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Turkish businessman extradited to US pleads not guilty to money laundering, fraud charges

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A Turkish businessman wanted on money laundering, wire fraud and obstruction charges who was extradited from Austria to the United States on July 15 has pleaded not guilty in a Utah court, a report by the Voice of America Turkish service said on Tuesday.

Sezgin Baran Korkmaz pleaded not guilty at his first appearance in a US courtroom Monday in Salt Lake City, where he is accused of laundering more than $133 million in illegal proceeds through bank accounts he controlled in Turkey and Luxembourg.

Following the plea, US Magistrate Judge Jared Bennett ordered Korkmaz held behind bars at the request of prosecutors, adding that he would be appearing before Utah District Judge Jill Parrish, who is presiding over the trial, at the next hearing scheduled for Sept. 21.

Korkmaz was arrested in Austria in June of last year and had been fighting extradition to the United States, telling a Turkish reporter from jail that he would rather face justice at home, where he is also wanted for money laundering and fraud.

However, he was extradited from Austria to the US on Friday and escorted by US Marshals first to New York and then to Salt Lake City, Utah.

According to the US indictment, Korkmaz and his co-conspirators were involved in a scheme to defraud the US Treasury by filing false claims for more than $1 billion in tax credits allegedly for the production and sale of biodiesel by their company, Washakie Renewable Energy LLC.

Jacob and Isaiah Kingston pleaded guilty in July 2019 to federal charges and testified in 2020 at the trial in Utah of another co-conspirator, Levon Termendzhyan, who was convicted of all charges.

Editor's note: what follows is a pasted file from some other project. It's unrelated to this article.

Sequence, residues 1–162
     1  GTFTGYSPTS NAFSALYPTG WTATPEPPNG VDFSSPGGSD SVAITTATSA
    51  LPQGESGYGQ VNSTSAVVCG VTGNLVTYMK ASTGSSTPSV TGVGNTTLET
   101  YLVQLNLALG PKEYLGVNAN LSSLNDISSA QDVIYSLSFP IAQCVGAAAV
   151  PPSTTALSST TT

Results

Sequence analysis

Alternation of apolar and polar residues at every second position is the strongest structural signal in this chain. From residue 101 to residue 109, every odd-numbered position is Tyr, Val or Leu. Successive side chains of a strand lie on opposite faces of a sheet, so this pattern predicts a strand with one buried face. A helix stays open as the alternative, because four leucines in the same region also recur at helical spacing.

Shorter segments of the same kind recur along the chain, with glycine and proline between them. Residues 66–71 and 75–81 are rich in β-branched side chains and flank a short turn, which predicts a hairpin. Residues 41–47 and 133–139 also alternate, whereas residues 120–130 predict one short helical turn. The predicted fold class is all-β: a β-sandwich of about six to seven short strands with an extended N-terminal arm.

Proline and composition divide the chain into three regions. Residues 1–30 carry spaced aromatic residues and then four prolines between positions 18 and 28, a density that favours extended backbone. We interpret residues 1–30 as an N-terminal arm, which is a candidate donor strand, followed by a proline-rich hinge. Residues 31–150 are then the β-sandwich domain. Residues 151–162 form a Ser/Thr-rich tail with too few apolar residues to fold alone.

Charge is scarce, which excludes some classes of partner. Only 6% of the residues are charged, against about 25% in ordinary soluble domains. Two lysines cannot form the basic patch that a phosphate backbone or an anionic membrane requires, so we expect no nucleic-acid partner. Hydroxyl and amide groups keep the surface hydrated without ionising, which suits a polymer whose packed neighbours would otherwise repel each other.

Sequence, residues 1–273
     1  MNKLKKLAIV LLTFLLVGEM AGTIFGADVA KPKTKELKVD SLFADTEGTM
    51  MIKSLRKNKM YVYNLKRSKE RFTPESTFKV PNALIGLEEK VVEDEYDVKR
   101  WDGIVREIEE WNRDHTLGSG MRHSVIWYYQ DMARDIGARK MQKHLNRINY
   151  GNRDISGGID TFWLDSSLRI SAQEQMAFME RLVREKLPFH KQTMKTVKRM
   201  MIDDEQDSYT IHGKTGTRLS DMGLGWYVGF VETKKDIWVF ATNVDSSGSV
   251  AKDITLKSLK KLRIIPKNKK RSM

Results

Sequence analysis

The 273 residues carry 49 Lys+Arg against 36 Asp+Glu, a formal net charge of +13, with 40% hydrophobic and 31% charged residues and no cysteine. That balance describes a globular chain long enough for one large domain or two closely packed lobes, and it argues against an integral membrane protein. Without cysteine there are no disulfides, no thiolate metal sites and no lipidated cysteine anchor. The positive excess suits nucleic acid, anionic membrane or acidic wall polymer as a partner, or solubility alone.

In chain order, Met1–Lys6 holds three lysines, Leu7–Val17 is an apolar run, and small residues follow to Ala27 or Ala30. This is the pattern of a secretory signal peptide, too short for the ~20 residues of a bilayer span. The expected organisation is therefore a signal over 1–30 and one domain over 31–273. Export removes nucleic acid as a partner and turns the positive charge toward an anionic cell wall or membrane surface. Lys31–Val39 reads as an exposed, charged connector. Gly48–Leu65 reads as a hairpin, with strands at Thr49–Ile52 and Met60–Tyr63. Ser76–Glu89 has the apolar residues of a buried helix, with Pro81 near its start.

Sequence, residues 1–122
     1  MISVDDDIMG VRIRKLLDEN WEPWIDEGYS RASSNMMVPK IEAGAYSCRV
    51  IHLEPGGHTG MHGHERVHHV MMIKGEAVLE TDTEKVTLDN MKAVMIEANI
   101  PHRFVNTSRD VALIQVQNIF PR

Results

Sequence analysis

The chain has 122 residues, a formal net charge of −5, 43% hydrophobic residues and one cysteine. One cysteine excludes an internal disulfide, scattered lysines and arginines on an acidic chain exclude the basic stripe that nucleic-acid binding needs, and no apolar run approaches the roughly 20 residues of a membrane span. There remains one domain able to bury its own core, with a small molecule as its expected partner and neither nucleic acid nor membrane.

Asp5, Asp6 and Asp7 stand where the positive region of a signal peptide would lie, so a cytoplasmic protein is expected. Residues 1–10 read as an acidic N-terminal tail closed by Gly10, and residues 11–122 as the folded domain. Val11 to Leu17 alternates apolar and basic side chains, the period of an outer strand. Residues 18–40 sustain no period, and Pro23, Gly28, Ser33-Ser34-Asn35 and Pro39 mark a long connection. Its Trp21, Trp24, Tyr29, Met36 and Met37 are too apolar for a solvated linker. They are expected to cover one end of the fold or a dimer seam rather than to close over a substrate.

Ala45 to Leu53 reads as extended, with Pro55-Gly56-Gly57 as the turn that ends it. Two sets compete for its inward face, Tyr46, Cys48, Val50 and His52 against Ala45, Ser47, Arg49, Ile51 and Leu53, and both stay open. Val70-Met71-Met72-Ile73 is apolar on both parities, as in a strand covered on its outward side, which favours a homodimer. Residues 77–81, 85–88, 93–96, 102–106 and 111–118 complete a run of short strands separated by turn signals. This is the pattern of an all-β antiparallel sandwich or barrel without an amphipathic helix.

The Justice Department said Korkmaz faces a maximum sentence of 20 years in prison for each count of money laundering conspiracy, wire fraud and obstruction of an official proceeding.

The United States had been insisting on his extradition from Austria because the likelihood of Ankara extraditing him should he have been sent back to Turkey was low.

A large part of the reason lies in Washington’s refusal to hand over a Turkish cleric resident in the US whom President Recep Tayyip Erdoğan believes plotted a failed coup against him in 2016.

According to the Organized Crime and Corruption Reporting Project, Korkmaz played a role in Ankara’s efforts to curry favor with former president Donald Trump in his first years in the White House.

The investigative group also alleged that Korkmaz facilitated a 2018 trip for Americans linked to Trump who sought to secure US pastor Andrew Brunson’s release from prison in Turkey.

The pastor’s fate became a major issue for Trump, who thrust him to the fore of US-Turkish relations until Brunson’s eventual release in late 2018.

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